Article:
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eBook Thirty Ways of Looking at Hillary: Reflections by Women Writers ePub

by Susan Morrison

eBook Thirty Ways of Looking at Hillary: Reflections by Women Writers ePub
Author: Susan Morrison
Language: English
ISBN: 0061455938
ISBN13: 978-0061455933
Publisher: Harper (January 22, 2008)
Pages: 272
Category: Politics & Government
Subcategory: Social Sciences
Rating: 4.6
Votes: 548
Formats: docx doc lit mbr
ePub file: 1131 kb
Fb2 file: 1847 kb

The very women that wrote the essays seem to When this book was titled it was no joke

Nov 08, 2016 Paul Bryant marked it as probably-never. From Susan Lehman, an exploration of how Hillary's origins in corporate law may have formed the basis of her public persona: Neither Hillary Clinton nor the average corporate law partner is likely to make anyone's blood jump or their heart sing. The very women that wrote the essays seem to When this book was titled it was no joke. All the authors seem to do is write about the aestetics of Hillary Clinton. Sadly it reads like a bunch of catty women talking over some international coffee.

Several writers have written about Hillary Clinton before and stand by their controversial opinions such as. .You may not come to any new conclusions about Clinton, but Thirty Ways of Looking at Hillary will give you some original angles on a very provocative subject.

Several writers have written about Hillary Clinton before and stand by their controversial opinions such as Robin Givhan on Clinton's cleavage.

First Chapters First Chapter. 30 Ways of Looking at Hillary'. And although she is probably the most famous woman in the world right now, Hillary Clinton has a lot of people stumped. It could be that we think we should know her well already, having watched her and her husband for eight years in the White House (and having learned more about their marriage than we had a right to, thanks to Kenneth Starr). Or it could be that, because she is a woman, we have different expectations of her and how cozy we ought to feel with her.

This pointillistic portrait paints a composite picture of Hillary Clinton, focusing on details from the personal to the political, from the hard-hitting to the whimsical, to give a well-balanced and unbiased view of the woman who may be our first Madam President.

Morrison, Susan (e. Thirty Ways of Looking at Hillary: Reflections by Women Writers. Strong Frontrunner, Weak Woman: Hillary Rodham Clinton and the Politics of Pile On" in Clarke Rountree, ed. Venomous Speech: Problems with American Political Discourse on the Right and Left, Vol. 2, pp. 223–236.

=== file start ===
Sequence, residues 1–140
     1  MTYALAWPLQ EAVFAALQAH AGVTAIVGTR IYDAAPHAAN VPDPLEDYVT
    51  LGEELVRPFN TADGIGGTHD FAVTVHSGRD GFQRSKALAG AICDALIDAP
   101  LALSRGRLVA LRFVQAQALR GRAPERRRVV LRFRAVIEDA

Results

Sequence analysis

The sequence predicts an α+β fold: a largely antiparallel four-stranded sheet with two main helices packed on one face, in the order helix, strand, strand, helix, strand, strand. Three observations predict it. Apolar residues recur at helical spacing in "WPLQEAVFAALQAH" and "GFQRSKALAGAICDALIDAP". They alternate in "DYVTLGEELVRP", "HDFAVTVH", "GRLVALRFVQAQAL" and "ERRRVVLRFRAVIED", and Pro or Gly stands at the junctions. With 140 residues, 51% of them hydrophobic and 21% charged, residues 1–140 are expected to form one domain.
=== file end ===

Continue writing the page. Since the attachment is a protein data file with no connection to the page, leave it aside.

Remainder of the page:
Reflections by Women Writers. Your purchase helps support NPR programming. An evaluation of the presidential candidate by thirty women writers from diverse walks of life considers her political career and prospects from supportive and less favorable perspectives, in a volume that includes contributions by such names as Deborah Tannen, Susan Cheever, and Lorrie Moore. 35,000 first printing. Read an excerpt of this book.

Women Writers Reflect on the Candidate and What Her Campaign Meant. amp; International Retailers. Thirty Ways of Looking at Hillary.

The 24/7 replaying of that moment on cable television also reminds us how relentlessly Mrs. Clinton has been . Clinton has been dissected, deconstructed and decoded over the years: by now her marriage, her hair, her pantsuits, her voice and her laugh have been more minutely anatomized than her voting record on Iraq, her (mis-)handling of health care during her husband’s administration. or her stands on Iran, Social Security and immigration

Call it the Case of the Cleavage that Consumed the Senate. Cleavagegate is one of the few pointed debates in Thirty Ways of Looking at Hillary, a book that suffers for its predominantly homogenized view of the first viable female candidate for the nation's highest office. The collection is a brisk read and undeniably well-written, but it's more of a guilty pleasure than a serious debate on the subject's suitability to be president. Thirty Ways is also something of a misnomer.

A little-known fact about Hillary Clinton: She had great eyebrows in high school. Well groomed, nice arch, a little thick, which is actually back in fashion today.

No other politician inspires such a wide range of passionate feelings as Hillary Rodham Clinton. As America's first viable female candidate for president, she has become the repository of many women's contradictory hopes and fears. To some she's a sellout who changed her name and her hairstyle when it suited her husband's career; to others she's a hardworking idealist with the political savvy to work effectively within the system. Where one person sees a carpetbagger, another sees a dedicated politician; where one sees a humiliated and long-suffering wife, another sees a dignified First Lady. Is she tainted by the scandals of her husband's presidency, or has she gained experience and authority from weathering his missteps? Cold or competent, overachiever or pioneer, too radical or too moderate, Hillary Clinton continues to overturn the assumptions we make about her.